Decline in platelet count in patients treated by percutaneous coronary intervention: definition, incidence, prognostic importance, and predictive factors.
ABSTRACT We investigated the incidence, predictors, and prognostic impact of a decline in platelet count (DPC) in patients treated by percutaneous coronary intervention (PCI).
A total of 10 146 consecutive patients treated by PCI from 2003 to 2006 were included. According to the magnitude of the DPC, the population was divided into four groups: no DPC (<10%), minor DPC (10-24%), moderate DPC (25-49%), and severe DPC (>or=50%). The primary haemorrhagic endpoint was a composite of post-procedure surgical repair major bleeding. The primary ischaemic endpoint was 30-day all-cause mortality-non-fatal myocardial infarction. Among the total population, 36% had a DPC <10%, 47.7% had a DPC of 10-24%, 14% had a DPC of 25-49%, and 2.3% had a DPC >or=50%. On multivariate analysis, moderate and severe DPC were independent predictive factors of the ischaemic outcome. Two procedural practices were identified that, if modified, might reduce the incidence of acquired thrombocytopaenia. Both the intraprocedural use of heparin (as opposed to bivalirudin) and of low molecular weight contrast material were independently associated with severe acquired thrombocytopaenia.
Moderate and severe DPC are independent predictors of adverse bleeding and ischaemic outcomes in PCI. Adoption of intraprocedural anticoagulant other than heparin and avoidance of a low molecular weight contrast agent could potentially decrease the occurrence of severe acquired thrombocytopaenia.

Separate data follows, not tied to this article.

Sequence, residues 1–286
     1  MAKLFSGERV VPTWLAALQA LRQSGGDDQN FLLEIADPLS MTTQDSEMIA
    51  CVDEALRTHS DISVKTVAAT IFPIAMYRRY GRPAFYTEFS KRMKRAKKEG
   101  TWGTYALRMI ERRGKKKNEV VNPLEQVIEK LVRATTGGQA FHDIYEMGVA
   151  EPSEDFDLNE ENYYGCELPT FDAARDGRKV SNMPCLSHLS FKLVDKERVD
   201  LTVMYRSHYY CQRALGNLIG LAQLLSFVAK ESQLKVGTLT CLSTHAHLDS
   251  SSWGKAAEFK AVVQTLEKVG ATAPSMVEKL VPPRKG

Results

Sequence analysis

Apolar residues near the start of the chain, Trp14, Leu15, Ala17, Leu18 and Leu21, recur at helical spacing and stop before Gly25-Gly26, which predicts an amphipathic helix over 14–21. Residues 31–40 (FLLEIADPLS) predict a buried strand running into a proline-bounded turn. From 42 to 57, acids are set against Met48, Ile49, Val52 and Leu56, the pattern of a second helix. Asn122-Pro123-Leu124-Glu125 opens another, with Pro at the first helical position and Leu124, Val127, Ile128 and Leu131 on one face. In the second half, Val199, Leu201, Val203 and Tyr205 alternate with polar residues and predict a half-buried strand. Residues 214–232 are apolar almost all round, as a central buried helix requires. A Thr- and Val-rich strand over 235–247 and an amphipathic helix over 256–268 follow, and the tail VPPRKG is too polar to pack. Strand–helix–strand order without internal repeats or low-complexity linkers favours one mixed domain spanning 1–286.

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ABSTRACT: We performed a prospective, double-blind study of the incidence of thrombocytopenia in 149 patients randomly assigned to treatment with one of three heparin preparations--from bovine lung from intestinal-mucosa A, or from intestinal-mucosa O. Thrombocytopenia developed in 21 patients (platelets, < 100 x 10(9) per liter): 13 of the 50 receiving bovine lung heparin, four of 45 receiving intestinal-mucosa-A heparin, and four of 54 receiving intestinal-musoca-O heparin (P < 0.005). There was a significantly increased incidence of thrombocytopenia in the bovine-lung group (P < 0.002); estimated incidence rates after nine days of treatment were 24 per cent in this group and 7 per cent in the combined intestinal-mucosa A and O groups. Thrombocytopenia appeared in the bovine-lung group on days 3 to 16, in the intestinal-mucosa-A groups on Days 4 to 12, and in the intestinal-mucosa-O group on Days 3 to 7; it disappeared in all groups three to eight days after discontinuation of heparin. A total of 121 patients were subsequently given warfarin for four to six months, and thrombocytopenia was not observed.New England Journal of Medicine 11/1980; 303(16):902-7. · 51.66 Impact Factor